Nameless Gangster: Rules of the Time ("Bumchoiwaui Junjaeng")
"A smartly made gangster film that transcends its genre trappings" — Beth Accomando, KPBS
"The Korean mob film Scorsese would be proud of" — Jacob Templin, TIME
In October 1990, the Republic of Korea declared war on organized crime. Crooked businessmen and mafia kingpins were tracked down and thrown in jail, regardless of the immense power they might possess. The party was indeed over. This was especially true for Choi Ik-yun (Choi Min-sik) who had worked like a dog to get where he was. As he begins his extended stay in the shade, amends must be made.
It begins in 1982. Ik-yun is working as a customs officer at the port of Busan, living a modest life with his wife and kids while never hesitating to engage in shady activities that might send some extra cash his way. As he is looking to unload a drug shipment found in a container, he runs into powerful gangster Choi Hyung-bae (Ha Jung-woo), soon finding out that they are actually related. While his big mouth and (fake) good nature initially create problems with his new associate, he still manages to get accepted into the gang. He knows how to make the most of his exceptional charisma, not to mention his dangerous manipulation skills. Furthermore, he never gives up. While everyone disregards Ik-yun as a second-string fiddle, he is slowly becoming the band’s main conductor.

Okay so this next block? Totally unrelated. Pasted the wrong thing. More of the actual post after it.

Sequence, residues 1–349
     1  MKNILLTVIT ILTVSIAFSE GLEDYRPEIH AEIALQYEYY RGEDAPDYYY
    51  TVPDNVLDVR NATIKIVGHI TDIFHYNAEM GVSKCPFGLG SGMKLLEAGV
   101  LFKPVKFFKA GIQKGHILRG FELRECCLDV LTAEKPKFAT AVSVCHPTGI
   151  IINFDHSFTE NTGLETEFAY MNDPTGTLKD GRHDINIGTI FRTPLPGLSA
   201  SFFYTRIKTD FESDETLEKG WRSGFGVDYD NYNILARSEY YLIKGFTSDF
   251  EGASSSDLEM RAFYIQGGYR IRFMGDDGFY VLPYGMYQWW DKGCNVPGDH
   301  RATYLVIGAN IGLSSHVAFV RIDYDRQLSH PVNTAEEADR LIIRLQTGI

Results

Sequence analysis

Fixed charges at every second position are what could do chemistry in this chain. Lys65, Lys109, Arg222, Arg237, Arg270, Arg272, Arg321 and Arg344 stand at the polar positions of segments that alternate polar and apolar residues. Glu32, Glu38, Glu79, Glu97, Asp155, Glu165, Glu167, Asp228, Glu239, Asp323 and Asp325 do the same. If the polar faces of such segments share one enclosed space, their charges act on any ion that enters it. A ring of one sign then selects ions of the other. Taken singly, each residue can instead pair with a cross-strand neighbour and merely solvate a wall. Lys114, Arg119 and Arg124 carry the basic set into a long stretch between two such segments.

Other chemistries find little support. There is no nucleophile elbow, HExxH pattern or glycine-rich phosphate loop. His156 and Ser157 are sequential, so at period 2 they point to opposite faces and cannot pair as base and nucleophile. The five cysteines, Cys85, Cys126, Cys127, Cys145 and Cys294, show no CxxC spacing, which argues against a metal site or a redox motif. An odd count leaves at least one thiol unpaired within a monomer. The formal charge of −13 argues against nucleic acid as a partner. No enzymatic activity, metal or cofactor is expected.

With titles like A BITTERSWEET LIFE (Kim Ji-woon) and BREATHLESS (Yang Ik-june), South Korea has a rich track record when it comes to gangster films. From now on, you can add NAMELESS GANGSTER to that list. Writer-director Yun Jon-bin, repeatedly praised for THE UNFORGIVEN, delivers a captivating tale that, much like MEMORIES OF MURDER (Bong Joon-ho), craftily depicts the dictatorial context of the 1980s. In fact, several songs from the decade permeate the excellent soundtrack composed by Cho Young-wook, frequent Park Chan-wook collaborator. If the majority of emblematic gangster flicks usually have a big-name cast, NAMELESS GANGSTER benefits from the casting of a dream duo that results in a most captivating duel. Ha Jung-woo (THE CHASER) calmly inspires fear as he exudes the presence of a godfather, while the masterful Choi Min-sik delivers another grand performance worthy of his memorable appearances in OLDBOY and I SAW THE DEVIL. NAMELESS GANGSTER undeniably equals any great mafia epic. While one may often think of GOODFELLAS during the screening, the film is never overshadowed by Scorsese’s masterpiece. Take our word for it.
— Nicolas Archambault